QSL stands for “I acknowledge receipt,” or “I hear you.” It comes from the Q codes, a set of radio shorthand developed by the British government around 1909, which were in turn based on similar codes developed by telegraph operators. When radio amateurs started communicating a few years later, they wanted to provide proof of their contact with other amateurs. This proof quickly became the QSL card: a postcard verifying contact between two stations. When broadcast radio stations sprang up, the hobby of long-distance radio listening, or DXing, began too, and these stations started issuing QSL cards as well. QSLs have been issued as cards (the most common), letters, stamps or pennants; there are even a few examples of QSLs printed on balsa wood or sheets of copper.
QSL cards fall into three general categories, and the easiest way to understand the differences is to divide the radio world this way: amateur radio operators, radio stations, and listeners.
Ham or amateur radio QSLs are for contact between two amateur radio operators. The cards are proof that the two operators have been in touch with each other. Hams will list the date, time, and frequency of the contact with each other, usually with information about their equipment. A ham card will always list its call sign. Here is a typical US ham card; this one is from the 1930s.
Radio station QSLs are sent to listeners who have sent a report to the station requesting verification of reception. The cards are proof that the listener has heard the station. Here are both sides of a 1970 card from Radio Japan.
After World War II, most international stations identified by a station name; earlier, the use of call signs was common, as it still is among US domestic stations. In the United States, shortwave stations (frequencies above modern AM radio and below modern FM radio) of the 1930s used an experimental call sign with an "X" in the third position: W1XAL or W4XB, for example.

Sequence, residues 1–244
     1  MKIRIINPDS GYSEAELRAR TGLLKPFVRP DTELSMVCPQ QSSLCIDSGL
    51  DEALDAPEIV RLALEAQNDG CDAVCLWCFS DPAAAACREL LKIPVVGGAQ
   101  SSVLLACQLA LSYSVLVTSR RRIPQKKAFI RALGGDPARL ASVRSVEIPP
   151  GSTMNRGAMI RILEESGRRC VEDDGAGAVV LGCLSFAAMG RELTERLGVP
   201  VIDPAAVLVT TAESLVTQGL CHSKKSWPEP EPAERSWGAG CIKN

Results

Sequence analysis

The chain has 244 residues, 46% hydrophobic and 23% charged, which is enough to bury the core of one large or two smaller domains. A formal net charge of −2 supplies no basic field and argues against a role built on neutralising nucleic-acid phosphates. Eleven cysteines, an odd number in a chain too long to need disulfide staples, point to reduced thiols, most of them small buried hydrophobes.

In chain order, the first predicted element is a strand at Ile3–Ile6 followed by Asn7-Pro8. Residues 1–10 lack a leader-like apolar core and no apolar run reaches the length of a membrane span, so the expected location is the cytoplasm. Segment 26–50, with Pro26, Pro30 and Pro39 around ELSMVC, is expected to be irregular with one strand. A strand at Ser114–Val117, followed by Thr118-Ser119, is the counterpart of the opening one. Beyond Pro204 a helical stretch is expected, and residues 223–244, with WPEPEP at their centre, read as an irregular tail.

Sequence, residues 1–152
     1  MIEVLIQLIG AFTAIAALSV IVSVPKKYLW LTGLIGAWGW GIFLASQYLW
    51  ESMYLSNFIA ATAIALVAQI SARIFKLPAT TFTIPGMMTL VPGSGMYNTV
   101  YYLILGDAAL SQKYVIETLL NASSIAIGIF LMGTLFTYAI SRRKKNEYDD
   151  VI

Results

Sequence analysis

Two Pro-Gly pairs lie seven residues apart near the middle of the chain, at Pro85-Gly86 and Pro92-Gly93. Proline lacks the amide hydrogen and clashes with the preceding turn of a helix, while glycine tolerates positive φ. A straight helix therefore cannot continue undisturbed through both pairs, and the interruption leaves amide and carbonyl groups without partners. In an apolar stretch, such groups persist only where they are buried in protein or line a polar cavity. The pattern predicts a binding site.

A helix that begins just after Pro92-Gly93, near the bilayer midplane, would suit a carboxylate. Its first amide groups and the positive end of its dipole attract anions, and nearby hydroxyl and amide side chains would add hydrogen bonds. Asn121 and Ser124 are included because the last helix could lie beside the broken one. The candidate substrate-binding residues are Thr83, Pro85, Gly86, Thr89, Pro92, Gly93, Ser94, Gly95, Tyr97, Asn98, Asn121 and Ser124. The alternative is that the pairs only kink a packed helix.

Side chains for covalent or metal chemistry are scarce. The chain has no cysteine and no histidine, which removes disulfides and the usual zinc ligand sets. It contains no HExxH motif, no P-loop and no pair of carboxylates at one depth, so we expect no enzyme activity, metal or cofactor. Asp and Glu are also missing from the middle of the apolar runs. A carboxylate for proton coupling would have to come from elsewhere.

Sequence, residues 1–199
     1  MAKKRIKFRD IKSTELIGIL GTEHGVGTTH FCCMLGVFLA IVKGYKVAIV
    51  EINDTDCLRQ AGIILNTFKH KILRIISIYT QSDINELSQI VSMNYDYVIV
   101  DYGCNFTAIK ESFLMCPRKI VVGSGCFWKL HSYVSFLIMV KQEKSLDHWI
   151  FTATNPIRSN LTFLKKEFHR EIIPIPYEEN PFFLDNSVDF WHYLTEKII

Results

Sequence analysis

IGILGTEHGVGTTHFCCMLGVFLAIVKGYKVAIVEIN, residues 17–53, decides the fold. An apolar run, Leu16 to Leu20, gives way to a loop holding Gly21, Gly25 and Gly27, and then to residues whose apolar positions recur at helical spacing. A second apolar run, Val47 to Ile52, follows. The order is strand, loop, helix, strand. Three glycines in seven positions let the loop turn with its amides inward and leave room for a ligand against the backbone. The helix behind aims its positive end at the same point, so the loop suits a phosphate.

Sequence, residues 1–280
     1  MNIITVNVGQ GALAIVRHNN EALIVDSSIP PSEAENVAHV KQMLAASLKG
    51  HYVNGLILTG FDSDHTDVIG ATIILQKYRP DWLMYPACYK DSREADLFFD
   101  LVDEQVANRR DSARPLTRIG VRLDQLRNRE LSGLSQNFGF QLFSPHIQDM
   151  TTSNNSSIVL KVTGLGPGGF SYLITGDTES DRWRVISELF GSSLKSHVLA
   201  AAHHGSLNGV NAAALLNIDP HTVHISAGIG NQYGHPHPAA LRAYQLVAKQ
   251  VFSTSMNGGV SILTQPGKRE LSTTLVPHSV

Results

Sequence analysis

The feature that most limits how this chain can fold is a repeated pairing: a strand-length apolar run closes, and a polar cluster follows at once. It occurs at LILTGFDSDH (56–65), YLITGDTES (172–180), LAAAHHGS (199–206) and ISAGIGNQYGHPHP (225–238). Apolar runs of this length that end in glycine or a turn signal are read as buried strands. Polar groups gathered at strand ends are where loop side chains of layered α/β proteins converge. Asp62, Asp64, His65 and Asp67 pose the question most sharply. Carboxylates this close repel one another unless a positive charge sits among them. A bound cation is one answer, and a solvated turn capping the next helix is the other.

CB (Citizen's Band) QSLs were designed for the same use as amateur cards. Citizen’s Band is a set of frequencies designed for local use, with minimal requirements for getting on the air. SWL cards (for Short Wave Listener) were designed to be sent to amateurs by listeners. Most CB and SWL cards, however, were simply swapped as a hobby. In the United States, CB cards can be identified by the call sign: Three letters followed by four numbers. In Canada, CB calls begin with "XM," followed by five numbers. SWL cards usually use some form of “SWL” for the call, or a sign that looks like a ham sign, but has two or more numbers. These can be distinguished from ham cards by the fact that they indicate that the station was heard, not contacted. SWL cards are mostly from the 1930s; CB cards are mostly from the 1960s and 70s. There is a less common type of swapping card from the early 1960s, the WPE card, using call signs beginning with “WPE,” issued by Popular Electronics Magazine to radio listeners. The card on the left is a typical CB card of the mid-1960s; the card on the right is an unusual WPE/CB combination card.